I’ve just acquired a countertop ice maker machine and it might just be my most favourite unnecessary kitchen gadget. Let’s face it: a need for a constant supply of ice is not something that is part of the British psyche.
I read a piece of click bait the other day entitled ‘Things the British don’t understand about America’. One of the items that properly made me laugh was a woman who couldn’t understand the American obsession with ice.
WHY is there so much ice in every single drink? she said.
It’s so true. Every glass delivered by a server comes lightly frosted with water drops, accompanied by the clink clunk of ice cubes, whether one is sweltering in the sticky heat of Louisiana or shivering through a snow storm in Manhattan.
We are not so bothered by ice, or even being served water, in the UK. It’s not unusual to have to ask for a glass of water in a restaurant, and it’s likely that it won’t be iced.
The same goes for drinks in private homes: you’re extremely unlikely to ever be given ice in a soft drink: most of us don’t have homes that are big enough for those huge double fronted fridges with integrated ice makers.
Instead we probably have a single crappy white plastic ice tray which came free with the freezer years ago, and which has never been replaced.
There’s a high chance the ice will come laced with a garnish of breadcrumbs from its long stay in the freezer compartment and once the eight cubes have been released (two per glass), there’ll be a couple of hours wait before the tray freezes again.
Of course, if you’re really fancy, you might buy a bag of ice from the local petrol station for a supper party which will sit in the bath, slowly melting.
However last summer’s extraordinary heatwave saw me defrosting the seemingly endless piles of frozen peas, unidentifiable sauces, and single egg yolks in my three drawer freezer compartment, and replacing them with umpteen bags of ice so that I could have a large jug of iced water, laced with mint and lemon, to hand all day long.
Oh it was so goooooood. Hydration heaven
So this year I’ve made a change: I am now the owner of an actual honest-to-god ice machine. I feel so very un-English. But I can not recommend it highly enough.
I first saw one of these countertop machines at my mother’s cottage: she has a chest freezer which isn’t great for making ice as there is nowhere for the ice trays to balance so the water always spills. So last year she treated herself to a countertop ice machine, which sits in her laundry room, tucked underneath the cabinets. Once a week she fills the machine with water to capacity, and makes enough ice for her on her own for ten days or so, decanting it into freezer bags.
It works brilliantly for her as she lives in the middle of nowhere and transporting bags of ice home isn’t an option. (There’d be a lake in the car boot.)
I was all over this idea when I went to stay, so much so that she very kindly bought me my own for Easter this year.
I’ve adopted a similar routine: the ice maker, which is surprisingly compact and not too heavy, lives on a wire shelf in my cellar (it’s actually a converted coal hole) and gets lifted out a couple of times a week into the kitchen for an ice making session. (I drink a lot more iced water than my mother, who mainly uses hers for G&Ts.)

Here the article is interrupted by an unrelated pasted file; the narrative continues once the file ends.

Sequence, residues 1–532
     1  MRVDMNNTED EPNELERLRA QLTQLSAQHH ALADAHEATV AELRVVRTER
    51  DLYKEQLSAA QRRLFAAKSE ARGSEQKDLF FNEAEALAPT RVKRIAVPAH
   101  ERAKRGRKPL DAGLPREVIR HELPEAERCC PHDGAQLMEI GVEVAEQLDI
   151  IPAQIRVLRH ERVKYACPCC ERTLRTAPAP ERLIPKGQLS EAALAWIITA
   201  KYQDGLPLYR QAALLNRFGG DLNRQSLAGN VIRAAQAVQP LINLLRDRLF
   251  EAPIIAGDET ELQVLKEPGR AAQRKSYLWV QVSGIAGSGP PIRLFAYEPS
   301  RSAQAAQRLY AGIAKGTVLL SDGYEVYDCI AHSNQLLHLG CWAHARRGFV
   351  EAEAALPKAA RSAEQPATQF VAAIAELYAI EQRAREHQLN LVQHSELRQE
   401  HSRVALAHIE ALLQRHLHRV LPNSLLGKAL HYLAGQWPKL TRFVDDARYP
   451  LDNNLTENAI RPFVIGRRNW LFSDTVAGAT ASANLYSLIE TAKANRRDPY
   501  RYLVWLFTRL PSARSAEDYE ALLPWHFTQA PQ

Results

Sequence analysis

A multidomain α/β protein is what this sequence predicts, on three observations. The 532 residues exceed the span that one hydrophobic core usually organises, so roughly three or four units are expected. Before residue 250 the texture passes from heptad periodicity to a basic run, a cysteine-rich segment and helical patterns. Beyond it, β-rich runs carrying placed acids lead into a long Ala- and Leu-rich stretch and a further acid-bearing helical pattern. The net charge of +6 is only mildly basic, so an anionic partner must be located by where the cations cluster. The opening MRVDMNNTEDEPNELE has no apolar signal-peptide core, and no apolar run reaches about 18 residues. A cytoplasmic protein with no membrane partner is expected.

So far it appears to be idiot proof (bless my mama, the technological age is not always her friend but even she finds this a doddle to run), easy to clean, and makes excellent ice. Plugging into the mains, it runs on an efficient compressor with a very low noise level, needs no external plumbing – you just lift up the lid to pour a jug of water into the reservoir, and is small enough to fit on my kitchen counter underneath the wall mounted cabinets
There are three ice cube size settings but I’d be hard pressed to discern much difference between any of them so I just stick it on large. (Medium is about half the size of a normal ice cube.) I also use the word ‘cube’ advisedly: they are more like little ice helmets.
It’s also important to note that, whilst the makers would have you believe that ice will be yours within ten minutes of switching it on, this is a somewhat disingenuous claim.
Yes, you will have ice. In 9mins 57 seconds (yup, I did time it) there will be exactly nine small cubes – a small bowl’s worth – in that time; not a cascade of frozen water, and certainly not enough for more than a couple of glasses at most. Fine for one after work drink. Useless for a group of more than two all clamouring for a cold drink NOW. But still a damn sight quicker than the two hours or so it would take to freeze an ice cube tray in the freezer.
For me it works best either switched on an hour before guests which will give you enough cubes to fill the ice bucket, or turned on in the morning and left to do its thing for a few hours; this will result in about 750gms of ice: enough for two – three large jugs of water. (If, like me, you like your jug at least a third full of ice.) I have also found that in the time it takes me to drink one jug of water in my desk, the next load of ice is ready.
I’ve also adopted my mother’s scheme of leaving it on for a day, topping up the water every few hours, to make four or five big bags for the freezer. (It can make 12-15kg in 24h, although do bear in mind that the reservoir will need refilling at least three times so you can’t just leave it to do its thing.)
It’s also worth noting that when the ice drops into the tray in the machine it makes a noise. The idiot dogs mistake this for a burglar breaking into the house, throw themselves off the sofa, and sprint barking into the kitchen. Every. Single. Time.
Glasses: IKEA VARDAGEN in 43cl & 31cl
Tea towel: Arket Linen Stripe £8.50
Organic Cotton Tablecloth: H&M Home Conscious in Dusky Green £12.99
Glass Jug: Similar at John Lewis here £20
Black Bonsai Scissors: Amazon £13.99
Copper Preserving Pan: Vintage. (Find similar on Ebay here.)